Ankle sprains can occur during common activities such as playing, running, dancing, or just walking down the sidewalk. Many times and ankle sprain can be confused with an ankle strain. If you are suffering from an ankle sprain, consider scheduling an appointment at Texas Foot and Ankle Specialists. We are conveniently located adjacent to the La Centerra outdoor shopping center across from Cinco Ranch High School in the Katy area of west Houston.
Athlete's foot is one of the most common fungal infections of the skin and is frequently seen in the clinics of foot and ankle specialists. Whether you've had it or not, it's important to understand how you can avoid and treat this highly contagious infection if you do contract it.
Plantar warts are benign growths that develop on the bottom of your feet, and are caused by direct contact with the human papilloma virus (HPV). This is the same virus that causes warts on other areas of the body. Some people are more susceptible than others to HPV, and not everyone will develop plantar warts if they come into contact with the virus. Individuals with weak immune systems or damaged skin on the feet are also at a higher risk for plantar warts.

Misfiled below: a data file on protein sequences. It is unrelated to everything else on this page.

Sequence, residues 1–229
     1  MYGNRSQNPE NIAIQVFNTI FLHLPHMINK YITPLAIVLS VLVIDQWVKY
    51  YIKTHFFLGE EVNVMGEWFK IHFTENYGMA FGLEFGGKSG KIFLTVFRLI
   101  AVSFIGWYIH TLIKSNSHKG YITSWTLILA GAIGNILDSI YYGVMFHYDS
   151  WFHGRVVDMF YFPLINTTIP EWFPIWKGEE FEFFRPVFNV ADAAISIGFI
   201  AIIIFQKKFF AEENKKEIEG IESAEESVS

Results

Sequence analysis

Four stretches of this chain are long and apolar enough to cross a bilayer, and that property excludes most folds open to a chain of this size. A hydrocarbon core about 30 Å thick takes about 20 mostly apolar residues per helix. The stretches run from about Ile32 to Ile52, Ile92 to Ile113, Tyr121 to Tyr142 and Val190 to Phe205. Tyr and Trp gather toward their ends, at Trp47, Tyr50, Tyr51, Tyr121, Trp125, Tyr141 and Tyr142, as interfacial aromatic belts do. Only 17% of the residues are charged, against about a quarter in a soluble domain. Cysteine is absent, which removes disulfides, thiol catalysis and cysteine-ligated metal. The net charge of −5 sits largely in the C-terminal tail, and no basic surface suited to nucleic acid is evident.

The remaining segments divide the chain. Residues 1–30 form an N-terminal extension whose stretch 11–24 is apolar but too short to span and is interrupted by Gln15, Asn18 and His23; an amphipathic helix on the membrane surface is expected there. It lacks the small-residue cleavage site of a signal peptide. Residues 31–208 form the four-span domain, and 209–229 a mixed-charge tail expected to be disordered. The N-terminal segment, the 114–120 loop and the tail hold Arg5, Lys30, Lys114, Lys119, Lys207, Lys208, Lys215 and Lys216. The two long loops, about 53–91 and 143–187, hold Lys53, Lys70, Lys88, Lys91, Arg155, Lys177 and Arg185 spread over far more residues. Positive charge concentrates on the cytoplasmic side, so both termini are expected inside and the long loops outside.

The big toe joint is very important in the gait cycle. The great toe is able to stabilize the arch in midstance and is critical for a functional gait and normal arch functioning. When the bone behind the big toe, the 1st metatarsal, is elevated, such as is seen in flatfeet, the range of motion of the great toe is decreased. An abnormal length of the first metatarsal bone can also cause a stiff big toe joint. The clinical name for this condition is Hallux Limitus.
A ganglion cyst is a benign tumor or “lump” that commonly occurs on both feet and hands. It arises in association with either a joint or a tendon both of which have tissue which produce fluid similar to what is found in a ganglion cyst. They are often associated with an injured tendon or arthritic joint. Sometimes they develop on their own.
The achilles tendon is the largest and strongest tendon in the body and is made up of two muscles: the gastrocnemius and the soleus. Tightness in the achilles tendon (called equinus) can lead to pathology usually manifesting as pain in the tendon about 2-6cm above its insertion into the back of the heel (Non-insertional Achilles tendinitis) or at the insertion itself (Insertional Achilles tendinitis).
The following are some of the ways patients have described the pain from a neuroma: “It feels like I’m stepping on a pebble,” “I feel like my sock is wadding up under the ball of my foot,” “I feel a burning pain between my toes,” and sometimes “my 3rd and 4th toes are numb – is it diabetes?”